I'm a lifelong racing fan and I hope to work in the industry once I'm done with college. I don't push accidents under the rug--I think Eight Belles' death, along with Pine Island's two years ago and Chelokee's breakdown, is just more proof that Churchill needs a synthetic surface. I think Barbaro's accident should be remembered because of all the good he did for laminitis research. There is a difference between sweeping an accident under the rug....and understanding that there's nowhere to place blame for the accident.
Loving racing isn't about sweeping accidents under the rug. It's about celebrating the highs, being devastated by the lows, but not walking away because of the lows....just working to eliminate them.
I'm not afraid to lambast the connections of a horse when I think they're to blame for an accident--I absolutely ripped George's connections after the BC. But I don't believe this is one of those cases.
I sincerely hope everyone on this board understands this point of view.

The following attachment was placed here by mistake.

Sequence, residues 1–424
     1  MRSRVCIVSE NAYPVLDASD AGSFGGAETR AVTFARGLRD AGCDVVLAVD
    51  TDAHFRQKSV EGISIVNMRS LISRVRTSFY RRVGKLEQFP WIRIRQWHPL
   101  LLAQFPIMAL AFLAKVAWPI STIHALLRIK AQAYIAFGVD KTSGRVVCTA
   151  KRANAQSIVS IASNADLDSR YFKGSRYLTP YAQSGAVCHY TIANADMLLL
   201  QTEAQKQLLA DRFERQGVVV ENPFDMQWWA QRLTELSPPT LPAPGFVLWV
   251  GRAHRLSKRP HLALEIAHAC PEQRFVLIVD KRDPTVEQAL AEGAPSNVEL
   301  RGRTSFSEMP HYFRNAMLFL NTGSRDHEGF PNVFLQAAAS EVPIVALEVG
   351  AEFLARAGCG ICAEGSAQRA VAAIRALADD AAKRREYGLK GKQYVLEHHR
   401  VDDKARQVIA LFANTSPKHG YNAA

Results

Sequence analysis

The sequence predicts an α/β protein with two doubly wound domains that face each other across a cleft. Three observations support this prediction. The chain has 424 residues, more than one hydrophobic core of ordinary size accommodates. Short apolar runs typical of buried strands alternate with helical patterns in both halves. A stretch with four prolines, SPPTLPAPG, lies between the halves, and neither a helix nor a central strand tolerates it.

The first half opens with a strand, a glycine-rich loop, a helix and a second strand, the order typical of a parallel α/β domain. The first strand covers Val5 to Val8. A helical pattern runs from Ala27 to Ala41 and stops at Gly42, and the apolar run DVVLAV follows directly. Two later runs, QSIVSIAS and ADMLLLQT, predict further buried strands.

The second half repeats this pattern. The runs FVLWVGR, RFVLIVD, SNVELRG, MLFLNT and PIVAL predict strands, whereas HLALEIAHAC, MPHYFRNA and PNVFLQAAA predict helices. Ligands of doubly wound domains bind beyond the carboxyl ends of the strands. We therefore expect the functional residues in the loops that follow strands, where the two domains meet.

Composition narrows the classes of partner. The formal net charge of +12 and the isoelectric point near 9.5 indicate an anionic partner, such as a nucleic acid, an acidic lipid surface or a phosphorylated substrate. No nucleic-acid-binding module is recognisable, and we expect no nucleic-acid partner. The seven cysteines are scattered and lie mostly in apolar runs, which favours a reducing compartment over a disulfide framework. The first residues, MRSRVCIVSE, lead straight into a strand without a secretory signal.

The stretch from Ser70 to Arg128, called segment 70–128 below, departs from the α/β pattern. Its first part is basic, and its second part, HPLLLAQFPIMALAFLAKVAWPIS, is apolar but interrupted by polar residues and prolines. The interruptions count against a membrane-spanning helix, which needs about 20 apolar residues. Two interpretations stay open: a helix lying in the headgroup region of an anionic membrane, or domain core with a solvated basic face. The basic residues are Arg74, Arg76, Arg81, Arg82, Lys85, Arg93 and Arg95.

I will not mence words with you nor will I go into my experience and knowledge to qualify the way I think and feel.
You did not change my mind and you have a lot to learn.
Karen Macmanus - Dallas, Texas
How long have you been following racing?
[soap box speech]
Without mincing my words - although I feel sorry for many of her connections, I feel none for Rick Porter. He is one of the worst thoroughbred owners - having had a bit of success he thinks he knows it all, and is in love far too much with himself and the media.
I said weeks ago that this filly did not belong in this race - it happened because she had not prepped against the boys. The example I use, is like the best high school football player, going to the Super Bowl. He could well be good enough to be there, however he would never have taken so many hard hits, he would not be playing above his physiological limits. Going into that race something was going to break, either her legs or her heart -
[/soap box speech]